Like learning exercise Broscience from so many Bros , our methods for alcohol consumption seem to be based on what we learned from drunk people who, I would add, are the most reliable, trustworthy bunch of people ever.
(I would totally trust this guy with my life)
So lets set some new ground rules about how to be healthy and smart when engaging in so much merriment.
1. The Old: Mixing alcohol with energy drinks makes you drunker. They say caffeine masks the sedative effects of alcohol that often cue people to stop drinking . As a result, people continue to drink far past their safe point.  .
The New: Energy drinks alter the perception of how intoxicated we really are, but have no direct effect on how those shots hit us. Actually, mixing alcohol with diet soda may actually increase intoxication.
The New: That would make sense if alcohol withdrawal and a hangover were the same thing, which they’re totally not. Basically, alcohol inhibits production of vasopressin, which in turn makes you pee. So you pee out vital salt and potassium and water, and as a result you end up with headaches, fatigue, and nausea. Then, when your liver starts breaking down the booze, a compound called acetaldehyde, which is estimated to be around 10 to 30 times as toxic as alcohol, is produced, making all those symptoms a good 10 to 30 times worse.
3. The Old: Beer before liquor, never been sicker; liquor before beer, you’re in the clear.
The New: The amount you drink matters more than the type of drinks you consume or how you mix them. Drinking too much of any alcohol too quickly can make you sick, whether its wine, beer, or liquor. No matter what youre drinking, pacing is key.
4. The Old: Darker alcohols are always healthier. Darker beers and wines generally have more antioxidants than light beer and white wine (the darker hues are thought to signify higher flavanoid content in beers andhigher polyphenol content in wines).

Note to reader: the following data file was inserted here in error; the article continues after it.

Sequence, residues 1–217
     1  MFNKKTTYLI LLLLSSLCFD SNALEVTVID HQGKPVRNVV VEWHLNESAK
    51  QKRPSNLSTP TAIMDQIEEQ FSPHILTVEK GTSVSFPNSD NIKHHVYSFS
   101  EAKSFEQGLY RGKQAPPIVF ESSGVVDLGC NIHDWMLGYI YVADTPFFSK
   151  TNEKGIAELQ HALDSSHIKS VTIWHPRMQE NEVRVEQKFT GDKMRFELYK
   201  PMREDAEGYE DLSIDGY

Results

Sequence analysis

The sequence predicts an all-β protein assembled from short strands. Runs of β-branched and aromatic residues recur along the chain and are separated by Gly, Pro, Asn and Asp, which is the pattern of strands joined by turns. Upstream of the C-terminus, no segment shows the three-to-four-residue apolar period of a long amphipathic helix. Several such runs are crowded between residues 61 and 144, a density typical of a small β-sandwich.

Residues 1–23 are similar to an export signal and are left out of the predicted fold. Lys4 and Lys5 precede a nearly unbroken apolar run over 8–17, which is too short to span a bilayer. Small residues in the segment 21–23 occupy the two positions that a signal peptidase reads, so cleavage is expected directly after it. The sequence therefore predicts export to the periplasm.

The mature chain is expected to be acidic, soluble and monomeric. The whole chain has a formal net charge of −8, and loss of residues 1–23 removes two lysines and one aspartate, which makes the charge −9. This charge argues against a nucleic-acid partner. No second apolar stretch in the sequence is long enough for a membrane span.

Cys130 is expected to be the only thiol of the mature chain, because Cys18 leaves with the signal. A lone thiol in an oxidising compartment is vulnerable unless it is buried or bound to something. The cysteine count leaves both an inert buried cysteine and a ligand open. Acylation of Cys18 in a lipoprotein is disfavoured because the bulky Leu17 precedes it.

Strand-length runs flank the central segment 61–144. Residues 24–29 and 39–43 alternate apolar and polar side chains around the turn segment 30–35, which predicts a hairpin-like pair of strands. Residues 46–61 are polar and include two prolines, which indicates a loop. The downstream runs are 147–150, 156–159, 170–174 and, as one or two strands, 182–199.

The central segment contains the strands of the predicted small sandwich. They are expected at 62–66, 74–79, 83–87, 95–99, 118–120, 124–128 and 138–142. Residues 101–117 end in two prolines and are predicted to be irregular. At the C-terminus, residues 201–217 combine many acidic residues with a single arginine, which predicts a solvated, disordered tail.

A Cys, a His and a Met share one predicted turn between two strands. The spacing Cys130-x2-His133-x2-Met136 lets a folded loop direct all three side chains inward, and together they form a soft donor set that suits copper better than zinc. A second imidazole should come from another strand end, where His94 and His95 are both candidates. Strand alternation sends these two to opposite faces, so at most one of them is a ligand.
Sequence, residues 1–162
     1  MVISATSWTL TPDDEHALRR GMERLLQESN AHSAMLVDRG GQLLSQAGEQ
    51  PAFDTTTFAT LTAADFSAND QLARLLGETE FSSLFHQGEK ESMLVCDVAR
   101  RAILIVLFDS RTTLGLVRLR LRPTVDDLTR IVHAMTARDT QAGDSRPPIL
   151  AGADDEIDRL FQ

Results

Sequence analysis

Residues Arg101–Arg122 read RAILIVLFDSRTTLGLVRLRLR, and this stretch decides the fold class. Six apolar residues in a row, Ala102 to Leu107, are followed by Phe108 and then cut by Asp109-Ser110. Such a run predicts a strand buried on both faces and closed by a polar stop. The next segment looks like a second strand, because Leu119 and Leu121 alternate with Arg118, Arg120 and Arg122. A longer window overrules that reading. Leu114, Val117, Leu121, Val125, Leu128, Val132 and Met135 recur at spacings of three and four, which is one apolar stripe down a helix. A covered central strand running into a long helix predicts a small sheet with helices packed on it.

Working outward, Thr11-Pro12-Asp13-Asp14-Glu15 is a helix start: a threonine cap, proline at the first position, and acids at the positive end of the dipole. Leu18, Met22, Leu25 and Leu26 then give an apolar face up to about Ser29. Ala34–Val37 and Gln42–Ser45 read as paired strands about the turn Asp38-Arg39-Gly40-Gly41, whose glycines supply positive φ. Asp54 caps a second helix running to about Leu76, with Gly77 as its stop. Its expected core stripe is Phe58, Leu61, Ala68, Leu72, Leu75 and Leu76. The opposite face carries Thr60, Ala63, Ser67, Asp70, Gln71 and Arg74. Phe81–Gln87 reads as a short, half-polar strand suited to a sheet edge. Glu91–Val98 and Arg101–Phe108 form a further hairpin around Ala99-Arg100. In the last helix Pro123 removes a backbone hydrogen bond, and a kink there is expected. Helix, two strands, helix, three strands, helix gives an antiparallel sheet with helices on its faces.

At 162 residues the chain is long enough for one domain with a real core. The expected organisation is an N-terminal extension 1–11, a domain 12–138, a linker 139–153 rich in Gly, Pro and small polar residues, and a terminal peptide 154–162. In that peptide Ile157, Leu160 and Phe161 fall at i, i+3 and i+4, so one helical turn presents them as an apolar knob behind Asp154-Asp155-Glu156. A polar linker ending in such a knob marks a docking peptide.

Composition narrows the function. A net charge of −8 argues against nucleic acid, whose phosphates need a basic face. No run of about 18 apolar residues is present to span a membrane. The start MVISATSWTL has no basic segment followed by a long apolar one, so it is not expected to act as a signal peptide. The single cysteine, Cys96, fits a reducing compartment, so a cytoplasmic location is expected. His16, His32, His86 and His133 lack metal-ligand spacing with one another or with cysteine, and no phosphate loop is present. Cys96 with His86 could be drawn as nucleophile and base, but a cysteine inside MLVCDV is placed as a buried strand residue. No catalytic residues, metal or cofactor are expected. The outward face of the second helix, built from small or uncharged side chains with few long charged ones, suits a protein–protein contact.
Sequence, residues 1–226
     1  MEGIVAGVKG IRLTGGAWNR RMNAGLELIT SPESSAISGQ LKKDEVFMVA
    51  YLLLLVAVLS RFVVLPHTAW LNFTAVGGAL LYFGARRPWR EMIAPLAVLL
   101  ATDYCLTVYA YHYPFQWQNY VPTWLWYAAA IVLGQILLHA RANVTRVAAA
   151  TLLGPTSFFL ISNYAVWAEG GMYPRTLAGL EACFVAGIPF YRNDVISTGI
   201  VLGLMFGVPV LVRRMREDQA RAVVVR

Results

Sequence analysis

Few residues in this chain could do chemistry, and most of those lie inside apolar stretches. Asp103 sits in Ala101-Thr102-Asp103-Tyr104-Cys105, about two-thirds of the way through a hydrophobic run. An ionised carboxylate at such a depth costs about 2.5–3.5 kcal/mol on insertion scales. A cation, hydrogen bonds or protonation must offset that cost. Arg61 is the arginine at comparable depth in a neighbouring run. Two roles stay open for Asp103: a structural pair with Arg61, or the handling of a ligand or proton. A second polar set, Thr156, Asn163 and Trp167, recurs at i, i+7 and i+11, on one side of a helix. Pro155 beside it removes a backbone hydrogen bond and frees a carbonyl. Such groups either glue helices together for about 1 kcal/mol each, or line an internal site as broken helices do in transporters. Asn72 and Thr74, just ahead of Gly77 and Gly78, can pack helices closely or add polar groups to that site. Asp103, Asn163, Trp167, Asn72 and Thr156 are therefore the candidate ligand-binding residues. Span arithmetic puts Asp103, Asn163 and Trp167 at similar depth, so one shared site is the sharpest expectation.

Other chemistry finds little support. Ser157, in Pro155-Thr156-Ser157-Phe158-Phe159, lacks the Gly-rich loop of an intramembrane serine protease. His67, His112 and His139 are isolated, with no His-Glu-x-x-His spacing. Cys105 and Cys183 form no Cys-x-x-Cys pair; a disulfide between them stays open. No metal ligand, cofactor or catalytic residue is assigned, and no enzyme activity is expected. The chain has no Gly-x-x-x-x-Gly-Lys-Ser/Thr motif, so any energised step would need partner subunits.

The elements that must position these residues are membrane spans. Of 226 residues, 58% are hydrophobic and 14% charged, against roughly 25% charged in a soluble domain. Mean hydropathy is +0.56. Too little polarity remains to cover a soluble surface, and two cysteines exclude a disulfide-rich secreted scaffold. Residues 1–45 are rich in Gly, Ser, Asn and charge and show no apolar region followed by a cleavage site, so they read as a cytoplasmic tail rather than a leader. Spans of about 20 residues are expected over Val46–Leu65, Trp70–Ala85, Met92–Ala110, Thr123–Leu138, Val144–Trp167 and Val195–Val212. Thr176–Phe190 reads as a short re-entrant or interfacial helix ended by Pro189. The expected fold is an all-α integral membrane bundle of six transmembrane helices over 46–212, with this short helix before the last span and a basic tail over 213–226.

The New: While darker alcohols may contain more antioxidants, they can also contain more cogeners—toxic chemicals created during the fermentation process—which can worsen hangovers (this goes for beer, wine, rum, whiskey, gold tequila, and pretty much any drink with a darkish hue).
5. The Old: Older wine is better. The year on the label must mean something, right? Aged wine is perceived as more complex in flavor, more expensive, and of a higher quality.
The New: It depends on the type of wine. Some are meant to be consumed within one year of production and don’t get any better after time, while others are intended to be stored in a wine cellar for a few years to reach their peak quality. Unfortunately, a wine that sits past its intended expiration date does not get any more impressive with time. In fact, wine’s antioxidant content might actually decrease as it ages.
6. The Old: Dark beer is higher in alcohol than light beer. Dark beers just look like they’re thicker, fuller in taste, and higher in carbs and calories. Many also assume blacker brews, like porters and ales, are higher in alcohol.
The New: Color is not the sole indicator of a light-bodied, lower-calorie brew. Beer’s color depends on the type of grain it was made from. Some dark beers, like stout, are actually lower in both alcohol and calories than their paler cousins.
7. The Old: Beer is a good workout recovery drink. Some research has suggested that beer can rehydrate athletes better than water for three key reasons: one, that beer’s vitamins and minerals offer health benefits that water doesn’t have; two, that the carbonation helps quench thirst; and, three, that the carbs help replenish energy stores.
The New: There was only a slight rehydration benefit over water. Sports drinks containing sugars, salt, and potassium can similarly rehydrate an exhausted body without the negative side effects of alcohol. Plus, alcohols effect on the liver and pancreas causes oxygen to leave the bloodstream more quickly, which inhibits the transport of digestive enzymes and essential nutrients through the body. This slows muscle growth and repair and impairs the metabolism of carbs for energy.